Second-year MA Candidate at SAIS Washington
Despite their reputation, Americans don’t believe everything they see on TV.
In a poll released on 3 September, only 53% of US respondents said they believed clear evidence exists that Syrian President Bashar Al-Assad used chemical weapons against his own people. This is a surprisingly low figure, considering US television “news” has advanced the debate over military strikes (which only 29% of Americans support) to the point where Assad’s culpability is assumed as fact.
So what if the substantial minority doubting the evidence is correct, and the rebels did it?
Soon enough, the US might be firing missiles at Syria. If the skeptics are right, and the Syrian national forces are absolved, the missiles will effectively be bolstering the side responsible for gassing children with sarin. Unless some evidence exists which is being concealed by the US for strategic reasons, it seems at least possible that this will be the case.
The US claim that Assad is responsible rests on its assertion that it knows the rebels are incapable of carrying out a chemical attack, but that appears questionable. The US has not led the effort to arm the rebel side. Also, there is evidence that contradicts the US claim.
Residents of Ghouta, where the strikes took place, have alleged that chemical weapons have been delivered by Saudi agents to jihadi fighters, and that it was the jihadis who released the deadly neurotoxins. Disputed reports from a prominent Turkish news agency, moreover, detailed seizures of sarin gas from rebel fighters by Turkish authorities. One prominent U.N. inspector, discussing a previous case of a suspected chemical attack in Syria, said that she believed the rebel side had been responsible for it.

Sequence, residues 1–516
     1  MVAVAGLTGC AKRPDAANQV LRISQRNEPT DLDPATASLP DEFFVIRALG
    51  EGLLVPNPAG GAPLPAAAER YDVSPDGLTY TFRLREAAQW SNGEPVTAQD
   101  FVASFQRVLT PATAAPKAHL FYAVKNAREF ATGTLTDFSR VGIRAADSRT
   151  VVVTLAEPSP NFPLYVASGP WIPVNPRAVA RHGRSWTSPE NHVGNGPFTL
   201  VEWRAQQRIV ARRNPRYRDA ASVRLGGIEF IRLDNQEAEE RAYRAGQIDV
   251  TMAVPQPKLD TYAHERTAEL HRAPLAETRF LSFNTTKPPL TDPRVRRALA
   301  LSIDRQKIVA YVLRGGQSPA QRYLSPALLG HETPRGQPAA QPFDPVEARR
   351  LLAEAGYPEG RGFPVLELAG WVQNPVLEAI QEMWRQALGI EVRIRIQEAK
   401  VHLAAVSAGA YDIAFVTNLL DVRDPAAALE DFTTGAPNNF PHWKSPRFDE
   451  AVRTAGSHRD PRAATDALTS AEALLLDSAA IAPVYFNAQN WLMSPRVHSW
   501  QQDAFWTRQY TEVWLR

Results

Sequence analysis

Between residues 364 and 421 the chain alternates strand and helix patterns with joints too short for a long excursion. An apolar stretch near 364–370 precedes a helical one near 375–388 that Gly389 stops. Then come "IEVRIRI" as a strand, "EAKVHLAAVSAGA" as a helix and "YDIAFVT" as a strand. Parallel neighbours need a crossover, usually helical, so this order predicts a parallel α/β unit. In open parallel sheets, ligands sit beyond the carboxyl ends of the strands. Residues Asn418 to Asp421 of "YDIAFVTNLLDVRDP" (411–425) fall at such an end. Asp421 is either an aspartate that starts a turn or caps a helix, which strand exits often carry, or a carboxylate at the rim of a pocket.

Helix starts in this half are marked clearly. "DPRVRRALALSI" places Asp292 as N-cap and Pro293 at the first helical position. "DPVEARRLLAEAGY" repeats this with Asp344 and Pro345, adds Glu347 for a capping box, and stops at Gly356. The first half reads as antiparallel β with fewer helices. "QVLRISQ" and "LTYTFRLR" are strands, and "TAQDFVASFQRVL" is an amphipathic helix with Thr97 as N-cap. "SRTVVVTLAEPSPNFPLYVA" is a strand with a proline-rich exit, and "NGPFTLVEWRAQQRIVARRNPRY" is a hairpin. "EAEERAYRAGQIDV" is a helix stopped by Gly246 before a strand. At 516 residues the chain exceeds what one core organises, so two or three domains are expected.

Because evidence is scant on both sides, the question of cui bono takes on enhanced significance, and it is the rebel side’s position which has improved following the Ghouta attack. Prior to the attack, which took place only days after a UN inspection team had arrived, they were losing badly. If President Assad did voluntarily cross the ‘red line’ despite having the upper hand, he and his advisors made one of the worst decisions in the history of warfare.
For Americans, with our sincere national desire to do good, it is hard to fathom that our government would support a military effort which includes chemical attacks on civilians, but it would not be without precedent. We supported Saddam Hussein in the 1980s as he was using chemical weapons against Iranians as well as Iraq’s own Kurdish minority.
If Assad falls as a result of the US-backed insurgency, there is no telling what will become of Syria. The case of Libya, the benefactor of the last US-led humanitarian intervention and a country now in shambles, is not an encouraging example, nor are the fates of Iraq and Afghanistan.
Considering the possibility that the rebel side may have been responsible for the Ghouta attack, the weak moral case for military intervention in Syria becomes even weaker, and this partly explains why so few Americans accept it, even as their TV screens tell them to.